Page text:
What is the difference between a will and a living trust? When it comes to ensuring assets are passed down according to your wishes, click to learn more.

Understanding the Differences Between a Will and a Living Trust

Did you know a lot of Americans don’t have a will? If you want to learn about the difference between a living trust vs will, we can help.

In this guide, we’ll answer your question, “What is the difference between a will and a living trust?”

Want to learn more? Keep reading.

Defining a Will and a Trust

Wills and trusts will overlap. Yet, there are differences between the two of them. Both dictate who will end up receiving your assets.

Both have their disadvantages and advantages. The will and trust will communicate these things differently.

One main difference is when and how they take effect. A trust’s effective as soon as you sign and fund it. Wills won’t go into effect until after you pass.

A will is a document that will allow you to name a guardian or guardian for your pets or kids. You will also say where your assets will go and explain your final arrangements.

The simplicity of a will does have some drawbacks. Wills provide limited control over the distribution of assets. Wills have to go through a probate process after you pass.

Trusts tend to be more complicated, but there are some benefits. With trusts, you’ll have more control over how and when your assets will get distributed.

Trusts come in different types and forms. Once you create a trust, you will need to fund it by transferring the assets to it.

Trusts are more complex to set up, but trusts have a significant benefit over a will. Trusts get used to avoiding or minimizing probate, which is a plus.

Which One Is Better?

When discussing trusts versus wills, think about the different and specific benefits. It isn’t accurate to assume one is better compared to the other.

Assess your goals, needs, and the situation at the beginning of the process. You can find a solution that will protect your family.

Can You Choose Both Options?

You can choose to have a living trust and a will.

Trusts give you management and distribution of your assets during and after you pass. Name guardians for your kids and appoint an executor for your estate. You can also outline your final wishes in a will.

You could choose to have a living trust and the last will. Yet, this isn’t recommended. The assets included in your last will need to go through a thorough probate process.

A last will also tend to be a public document. The assets in a trust get protected from the probate court.

Pour-Over Will

The pour-over will is a kind of will created to work with a trust.

With a pour-over will, anything someone owns outside their trust will get paid to your trust when you die. Pour over wills will work as a backup plan to ensure your assets go under your trust.

A living will is different from a pour-over will and a last will. A living will is a set of documents outlining an individual’s medical decisions.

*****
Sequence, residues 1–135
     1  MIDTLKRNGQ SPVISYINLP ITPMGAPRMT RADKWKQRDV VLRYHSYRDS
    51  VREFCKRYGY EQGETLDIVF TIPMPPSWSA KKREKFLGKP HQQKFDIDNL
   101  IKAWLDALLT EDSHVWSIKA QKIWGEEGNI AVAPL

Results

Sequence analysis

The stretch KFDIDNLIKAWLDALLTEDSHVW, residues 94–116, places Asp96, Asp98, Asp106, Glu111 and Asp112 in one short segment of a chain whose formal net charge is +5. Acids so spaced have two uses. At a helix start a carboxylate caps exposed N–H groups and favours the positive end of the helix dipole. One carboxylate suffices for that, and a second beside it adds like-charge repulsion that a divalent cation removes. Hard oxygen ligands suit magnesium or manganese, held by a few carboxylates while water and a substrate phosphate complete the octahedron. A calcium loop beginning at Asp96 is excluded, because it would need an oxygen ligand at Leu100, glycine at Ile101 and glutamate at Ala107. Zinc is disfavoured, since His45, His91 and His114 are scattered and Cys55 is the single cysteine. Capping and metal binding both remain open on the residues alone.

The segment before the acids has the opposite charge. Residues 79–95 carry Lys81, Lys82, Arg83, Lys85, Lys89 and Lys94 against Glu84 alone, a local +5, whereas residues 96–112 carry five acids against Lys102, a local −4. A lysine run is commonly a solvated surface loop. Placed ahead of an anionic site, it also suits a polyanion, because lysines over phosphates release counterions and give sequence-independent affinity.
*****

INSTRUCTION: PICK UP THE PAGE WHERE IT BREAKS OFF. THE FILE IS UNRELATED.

There will be a HIPAA Authorization Form. You’ll also outline the medical power of attorney and advanced health care directive.

What About Probate and Wills?

You might take the time to create a will. This doesn’t mean you can avoid your estate going to probate.

Probate is the process that your estate will undergo after you pass. If you don’t complete a comprehensive estate plan, it will go to probate.

It’s a court-supervised proceeding. Depending on how comprehensive your estate plan is, it could take a lot of time.

There are ways you can eliminate probate or simplify the process. Create a trust as part of your planning.

Things you put inside the trust will avoid probate. Having a trust will also help keep the distribution of assets private.

What Happens After You Pass?

Your testament and last will go into effect after you pass. Someone will need to notify the court to begin the process of probate.

If you become incapacitated and can’t make decisions for yourself, you’ll have no plan as directed by your will. A will is useless while you’re alive. A choice alone isn’t an effective end-of-life planning tool.

Enjoy Some Flexibility

If you end up creating a revocable trust, you can change the terms of your trust agreement at any point. You’ll execute an amendment to the document.

If you want flexibility as life changes, choose this option. You might become involved in a charity you believe in and want to help. Later, you might have a new grandchild that you’d like written into the trust.

Add them as future beneficiaries into your trust. A revocable trust lets you change your estate plans as you need.

When you create a trust, set up your plan to care for your loved ones. This will protect those you love if you can’t help them or aren’t around any longer.

Make sure you spend the time preparing these documents. You don’t want to leave your family in a financial mess. Seek a professional at smartestateplans.com.

Now You Know What Is the Difference Between a Will and a Living Trust

We hope this guide on estates and wills was helpful. Since you know the answer to, “What is the difference between a will and a living trust?” decide your plan. Will you get a living trust and a will?

Are you in need of more financial advice? Stick around and browse our different financial and legal sections today.

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